Learning Swedish online
Are you curious and like to be flexible? Are you interested in learning Swedish? Boy, do I have a service for you! Here are my top five reasons for why learning Swedish online is so great.
Learning online means you can learn a language even though there are no teachers available locally where you live. Generally speaking, it can be quite difficult to find a language teacher, unless you live in a major city that has language schools with your chosen language available. The other option is to travel to the country in question and do an intensive course, which is highly effective but may be on the expensive side for many learners. Therefore, learning through the internet means you can still go ahead and learn, regardless of where you live. This is particularly important for those learning less common languages, which can be hard to come by even in major cities.
2. Listening and speaking skills
Whereas some may see the lack of face-to-face tuition as something negative, my experience is that it can actually be beneficial for the learner. The learner automatically focuses more on listening to ‘the music of the language’, and the experience will be mainly auditory. This builds confidence for both speaking and listening, and it stops the learner relying on body language – which often happens when trying to communicating face-to-face. And in a sense, it is still face-to-face communication if you use the Webcam!
3. Using chat boxes and shared whiteboards
On a video call, there are other features that can be used during a language lesson. Both learner and tutor can use the chat box in Zoom in real-time, to check spelling and to emphasise other aspects. I often use the chat box to illustrate emphasis in words (only last week, I wrote to one learner to visually illustrate the emphasis of the word ‘studerar’ in Swedish, which is ‘stu-dEEEEEErar’). A few times I have had completely text-based sessions, where the learner and I have practiced writing to each other. I also use it every time I run conversational practice sessions with more fluent students, as I can type out new words as we go along and the learner can save the chat record to their computer after the session.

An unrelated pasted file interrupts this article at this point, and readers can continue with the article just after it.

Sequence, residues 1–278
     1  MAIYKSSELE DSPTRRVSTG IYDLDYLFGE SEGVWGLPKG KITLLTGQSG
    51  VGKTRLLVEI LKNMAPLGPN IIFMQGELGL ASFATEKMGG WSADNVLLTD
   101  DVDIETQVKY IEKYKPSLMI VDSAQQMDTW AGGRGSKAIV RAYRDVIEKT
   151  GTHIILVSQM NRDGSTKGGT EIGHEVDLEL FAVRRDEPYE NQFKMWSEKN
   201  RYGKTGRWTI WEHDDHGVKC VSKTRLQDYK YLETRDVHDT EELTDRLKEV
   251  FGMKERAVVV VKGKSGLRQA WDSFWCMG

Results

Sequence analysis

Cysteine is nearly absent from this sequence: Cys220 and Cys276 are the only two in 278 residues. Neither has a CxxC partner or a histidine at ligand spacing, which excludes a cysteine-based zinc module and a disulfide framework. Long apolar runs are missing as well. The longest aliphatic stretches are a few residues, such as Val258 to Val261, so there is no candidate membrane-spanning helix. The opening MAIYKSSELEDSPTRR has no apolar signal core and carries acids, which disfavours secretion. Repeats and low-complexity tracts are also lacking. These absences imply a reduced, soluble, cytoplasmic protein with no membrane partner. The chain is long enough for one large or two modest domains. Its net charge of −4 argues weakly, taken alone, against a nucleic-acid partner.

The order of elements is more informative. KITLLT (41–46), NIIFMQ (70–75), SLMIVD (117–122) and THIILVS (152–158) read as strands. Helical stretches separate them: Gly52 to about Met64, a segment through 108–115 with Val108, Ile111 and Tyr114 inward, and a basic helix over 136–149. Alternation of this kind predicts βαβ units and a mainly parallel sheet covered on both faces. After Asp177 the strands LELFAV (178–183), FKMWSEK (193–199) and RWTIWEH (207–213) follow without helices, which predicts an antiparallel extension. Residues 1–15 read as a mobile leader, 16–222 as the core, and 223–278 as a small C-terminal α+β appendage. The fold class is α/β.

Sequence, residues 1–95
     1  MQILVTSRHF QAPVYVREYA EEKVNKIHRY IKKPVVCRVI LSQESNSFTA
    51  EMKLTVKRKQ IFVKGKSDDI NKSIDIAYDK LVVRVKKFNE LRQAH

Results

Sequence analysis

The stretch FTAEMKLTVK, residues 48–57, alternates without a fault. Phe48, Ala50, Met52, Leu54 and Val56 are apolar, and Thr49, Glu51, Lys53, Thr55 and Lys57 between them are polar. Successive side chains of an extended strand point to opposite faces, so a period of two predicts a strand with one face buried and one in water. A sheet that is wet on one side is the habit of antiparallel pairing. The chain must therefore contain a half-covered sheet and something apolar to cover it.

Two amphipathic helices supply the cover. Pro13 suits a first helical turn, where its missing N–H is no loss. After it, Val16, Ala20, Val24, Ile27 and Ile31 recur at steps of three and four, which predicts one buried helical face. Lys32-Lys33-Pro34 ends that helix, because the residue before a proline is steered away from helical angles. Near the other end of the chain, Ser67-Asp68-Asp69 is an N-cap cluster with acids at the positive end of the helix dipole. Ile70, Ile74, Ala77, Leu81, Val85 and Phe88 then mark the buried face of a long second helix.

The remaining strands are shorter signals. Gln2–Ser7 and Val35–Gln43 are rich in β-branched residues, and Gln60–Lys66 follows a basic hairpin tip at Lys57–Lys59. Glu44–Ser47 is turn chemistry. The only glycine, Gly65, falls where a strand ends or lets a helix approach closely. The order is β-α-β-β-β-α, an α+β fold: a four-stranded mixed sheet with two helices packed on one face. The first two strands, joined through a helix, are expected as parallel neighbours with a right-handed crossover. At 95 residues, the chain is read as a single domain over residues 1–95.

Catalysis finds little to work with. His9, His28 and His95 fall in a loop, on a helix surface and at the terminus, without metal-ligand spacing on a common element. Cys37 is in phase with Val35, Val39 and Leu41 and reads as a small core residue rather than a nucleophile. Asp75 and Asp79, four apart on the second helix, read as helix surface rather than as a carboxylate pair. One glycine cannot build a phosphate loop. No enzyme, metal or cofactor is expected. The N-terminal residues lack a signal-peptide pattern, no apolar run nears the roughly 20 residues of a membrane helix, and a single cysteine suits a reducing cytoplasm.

4. File transfers, sharing links and giving examples
Sitting in front of your computer means more flexibility. The teacher can instantly transfer files or documents that can be useful in addition to the lesson material. Both learner and teacher can share links and use images to exemplify meanings and concepts. A picture says more than 1,000 words, the saying goes, and I find it highly effective to sometimes be able to quickly find a picture on the internet that illustrate exactly what I mean. It also provides the learner with a more varied learning experience. This level of flexibility is not possible to the same extent in traditional ‘classroom’ tuition.
5. Saving time
Learning online saves time and money. Travelling cost is none. Travelling time is, if not completely eliminated, minimised to however long it takes to turn the computer on, or walk down the stairs to the office/kitchen/lounge, or wherever the computer is located.